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10 reasons to love Littlehampton

PUBLISHED: 16:26 28 April 2014 | UPDATED: 16:28 28 April 2014


Mayor of Littlehampton, Councillor Joyce Bowyer, says the town’s open spaces, clean beaches, modern architecture and good transport links are what make it so special

River Arun at Littlehampton. Sussex. EnglandRiver Arun at Littlehampton. Sussex. England

A secret history

Littlehampton has a rich history. From a small fishing village to a busy seaside resort it has been called the Children’s Paradise. During World War II it was the base of operations for author Ian Fleming’s 30 AU (when he was an intelligence officer) as they prepared for the D-Day Landings. You can discover the story of Littlehampton at the excellent free museum.

Parks and green spaces

Storm clouds over path through sand dunesStorm clouds over path through sand dunes

The award-winning Mewsbrook Park has picnic areas, a playground, boating lake, café and one of the oldest miniature railways in the country. The seafront greens, connected to the beach by the promenade, provide families with a place to picnic and play games without having to cross a busy road to get to the beach.

Perfect location

We are less than an hour from Brighton, two hours from London and a stone’s throw from the South Downs. Arundel Castle, Chichester and the Weald and Downland Museum are all nearby.

A vibrant town centre

With national chains, independent shops, relaxing cafés and a weekly Friday market, our thriving High Street has something 
for everyone.

Community spirit

The people of Littlehampton are proud of their town and are an active community. Many local groups work together to make it a vibrant and welcoming place to live and visit.

Iconic architecture

Heatherwick Studio’s East Beach Café and Britain’s Longest Bench are two projects that make Littlehampton’s seafront stand out from others. Our newest addition is the Stage by the Sea, a modern take on the traditional bandstand, which is due to be completed in time for the summer season.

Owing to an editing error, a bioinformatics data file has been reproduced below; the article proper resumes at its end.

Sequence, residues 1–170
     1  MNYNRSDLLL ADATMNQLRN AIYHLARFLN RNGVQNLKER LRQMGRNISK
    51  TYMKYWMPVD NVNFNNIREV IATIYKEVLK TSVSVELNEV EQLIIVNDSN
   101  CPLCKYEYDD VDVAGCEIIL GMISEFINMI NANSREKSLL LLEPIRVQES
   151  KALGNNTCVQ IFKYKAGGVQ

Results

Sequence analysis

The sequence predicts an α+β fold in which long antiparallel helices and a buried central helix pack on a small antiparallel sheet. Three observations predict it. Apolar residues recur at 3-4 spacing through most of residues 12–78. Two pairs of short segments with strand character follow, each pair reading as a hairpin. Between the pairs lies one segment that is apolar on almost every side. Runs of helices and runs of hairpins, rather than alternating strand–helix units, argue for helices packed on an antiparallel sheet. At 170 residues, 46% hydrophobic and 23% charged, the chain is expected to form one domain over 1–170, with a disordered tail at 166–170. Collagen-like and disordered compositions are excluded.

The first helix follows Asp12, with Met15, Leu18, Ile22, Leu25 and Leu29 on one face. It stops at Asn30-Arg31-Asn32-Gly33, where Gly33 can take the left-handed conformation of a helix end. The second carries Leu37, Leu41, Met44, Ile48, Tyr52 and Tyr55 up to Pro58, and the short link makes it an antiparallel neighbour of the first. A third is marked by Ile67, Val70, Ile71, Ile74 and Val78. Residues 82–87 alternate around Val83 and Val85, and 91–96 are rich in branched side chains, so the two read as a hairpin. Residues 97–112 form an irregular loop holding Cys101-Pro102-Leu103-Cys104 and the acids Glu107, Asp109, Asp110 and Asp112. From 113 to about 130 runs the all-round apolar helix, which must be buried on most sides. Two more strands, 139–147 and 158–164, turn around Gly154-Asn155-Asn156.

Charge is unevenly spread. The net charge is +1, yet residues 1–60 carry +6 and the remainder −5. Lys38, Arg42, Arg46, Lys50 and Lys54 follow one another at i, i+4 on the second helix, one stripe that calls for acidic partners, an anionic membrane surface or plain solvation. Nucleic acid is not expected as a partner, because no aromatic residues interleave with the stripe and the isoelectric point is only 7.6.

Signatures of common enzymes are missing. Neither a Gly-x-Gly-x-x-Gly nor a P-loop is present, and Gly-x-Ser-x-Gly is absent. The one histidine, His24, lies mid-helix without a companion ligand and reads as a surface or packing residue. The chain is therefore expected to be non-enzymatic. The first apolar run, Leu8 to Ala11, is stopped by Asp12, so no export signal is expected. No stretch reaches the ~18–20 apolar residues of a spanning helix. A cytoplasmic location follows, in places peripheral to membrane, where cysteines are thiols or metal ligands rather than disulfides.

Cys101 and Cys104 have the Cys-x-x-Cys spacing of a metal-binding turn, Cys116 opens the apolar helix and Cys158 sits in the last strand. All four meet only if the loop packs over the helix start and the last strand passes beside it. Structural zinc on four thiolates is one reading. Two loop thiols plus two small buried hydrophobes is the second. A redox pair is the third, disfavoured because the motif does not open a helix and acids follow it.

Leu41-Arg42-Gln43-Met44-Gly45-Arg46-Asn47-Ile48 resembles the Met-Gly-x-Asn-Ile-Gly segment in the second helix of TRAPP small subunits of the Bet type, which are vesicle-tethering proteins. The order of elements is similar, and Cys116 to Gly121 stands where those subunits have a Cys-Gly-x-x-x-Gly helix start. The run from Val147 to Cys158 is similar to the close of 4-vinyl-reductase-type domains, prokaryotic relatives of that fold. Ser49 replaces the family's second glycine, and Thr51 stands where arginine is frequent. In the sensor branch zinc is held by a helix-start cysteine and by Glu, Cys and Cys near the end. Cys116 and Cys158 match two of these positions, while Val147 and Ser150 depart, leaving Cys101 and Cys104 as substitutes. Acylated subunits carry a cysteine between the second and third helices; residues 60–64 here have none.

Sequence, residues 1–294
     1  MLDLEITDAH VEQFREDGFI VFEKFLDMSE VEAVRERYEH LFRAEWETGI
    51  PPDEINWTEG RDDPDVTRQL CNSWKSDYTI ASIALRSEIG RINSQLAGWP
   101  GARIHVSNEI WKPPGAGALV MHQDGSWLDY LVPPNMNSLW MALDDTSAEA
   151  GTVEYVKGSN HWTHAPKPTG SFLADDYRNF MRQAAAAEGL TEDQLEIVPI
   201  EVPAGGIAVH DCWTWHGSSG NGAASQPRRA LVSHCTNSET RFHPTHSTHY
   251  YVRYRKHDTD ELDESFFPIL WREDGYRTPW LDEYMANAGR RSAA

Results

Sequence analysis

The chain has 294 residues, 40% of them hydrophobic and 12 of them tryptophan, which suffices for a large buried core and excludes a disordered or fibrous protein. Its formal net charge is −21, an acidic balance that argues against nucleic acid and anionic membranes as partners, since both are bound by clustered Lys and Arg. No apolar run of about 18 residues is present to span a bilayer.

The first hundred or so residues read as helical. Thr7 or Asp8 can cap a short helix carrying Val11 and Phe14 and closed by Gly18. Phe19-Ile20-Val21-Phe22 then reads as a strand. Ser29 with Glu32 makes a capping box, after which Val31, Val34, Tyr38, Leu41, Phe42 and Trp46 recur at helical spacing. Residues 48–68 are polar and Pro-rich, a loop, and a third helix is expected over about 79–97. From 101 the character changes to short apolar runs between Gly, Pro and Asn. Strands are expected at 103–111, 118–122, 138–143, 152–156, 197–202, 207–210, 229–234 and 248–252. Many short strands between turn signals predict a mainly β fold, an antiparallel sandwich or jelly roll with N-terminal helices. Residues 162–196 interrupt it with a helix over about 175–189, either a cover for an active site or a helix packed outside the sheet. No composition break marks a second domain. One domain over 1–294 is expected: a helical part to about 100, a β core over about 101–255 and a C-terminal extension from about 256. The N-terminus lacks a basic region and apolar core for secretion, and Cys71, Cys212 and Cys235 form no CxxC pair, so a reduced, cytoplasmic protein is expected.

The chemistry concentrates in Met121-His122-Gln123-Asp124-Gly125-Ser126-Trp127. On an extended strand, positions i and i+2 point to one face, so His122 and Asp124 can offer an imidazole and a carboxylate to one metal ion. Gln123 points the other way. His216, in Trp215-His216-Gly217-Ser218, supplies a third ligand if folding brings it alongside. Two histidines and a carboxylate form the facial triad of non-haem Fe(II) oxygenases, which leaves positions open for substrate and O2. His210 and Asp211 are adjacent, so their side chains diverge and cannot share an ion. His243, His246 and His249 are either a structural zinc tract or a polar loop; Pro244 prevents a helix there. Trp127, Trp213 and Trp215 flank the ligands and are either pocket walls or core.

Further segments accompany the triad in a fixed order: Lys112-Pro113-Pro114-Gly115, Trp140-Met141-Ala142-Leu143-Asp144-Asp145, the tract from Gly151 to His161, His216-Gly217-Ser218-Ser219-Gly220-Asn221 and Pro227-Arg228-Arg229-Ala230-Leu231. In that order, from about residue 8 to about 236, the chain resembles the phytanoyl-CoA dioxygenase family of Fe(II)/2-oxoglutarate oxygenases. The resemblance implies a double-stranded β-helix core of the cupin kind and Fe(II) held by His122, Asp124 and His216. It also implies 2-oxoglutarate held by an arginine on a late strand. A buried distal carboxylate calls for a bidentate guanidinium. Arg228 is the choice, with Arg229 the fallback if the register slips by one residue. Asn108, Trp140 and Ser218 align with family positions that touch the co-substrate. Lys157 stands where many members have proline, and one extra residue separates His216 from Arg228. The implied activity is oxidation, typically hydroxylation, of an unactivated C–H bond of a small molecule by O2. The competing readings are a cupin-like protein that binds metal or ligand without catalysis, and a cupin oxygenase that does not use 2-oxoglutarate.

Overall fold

Exciting events

There is always something going on – a Spitfire display on Armed Forces Day, a steam train in the High Street and 100 Royal Marines in the town centre. Annually we have a vibrant carnival and bonfire celebrations.

Award-winning sandy beaches

Littlehampton boasts not one but two family-friendly beaches that can be enjoyed all year round.

West Beach Nature Reserve

A short walk across the river, West Beach is a Site of Special Scientific Interest – the dunes are home to a wide variety of species of plants and animals, and you can even find fossils among the pebbles on the beach if you’re lucky.

Property comment - Edward Head, King and Chasemore, Littlehampton

Situated at the mouth of the River Arun, this pleasant little seaside town has recently become a little-kept secret as buyers have been pushed further westwards along the coast from Brighton and Worthing.

The district retains some of its original fisherman’s charm, yet with a modern twist in the form of the award-winning East Beach Café, designed by the Heatherwick Studio, whose other projects have included the Olympic Cauldron.

The town is conveniently placed within easy road access of historic Arundel, the cathedral city of Chichester and Glorious Goodwood, and has once more acted as an overspill to these areas which have traditionally been perceived as more affluent.

In recent years there has been substantial redevelopment of the eastern side of the River Arun, with high specification river view apartments and town houses offering sunset views across the river toward Climping golf course, which nestles amongst the sand dunes.

As the housing market has become more buoyant we have seen the interest in these riverside homes surge, with several buyers chasing single properties and a second floor flat achieving its asking price in hours rather than days.

Yet the buyers have not just been restricted to the riverside, with a diverse spread of properties across the town from Georgian town houses along South Terrace, the former seaside home of the late Ronnie Barker, to the private marine estates spreading into nearby Rustington and Kingston Gorse.

Reaching further inland there are a good number of Victorian and Edwardian terraced homes which are still available at an affordable price. A quieter alternative to Bognor Regis yet with the same sunny micro-climate, the town makes an ideal seaside retreat.

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Getting there

Littlahampton station has trains that run directly into London Victoria.

It is on the A259, which runs along the coast.

The postcode is BN17, if you’re using a satnav.

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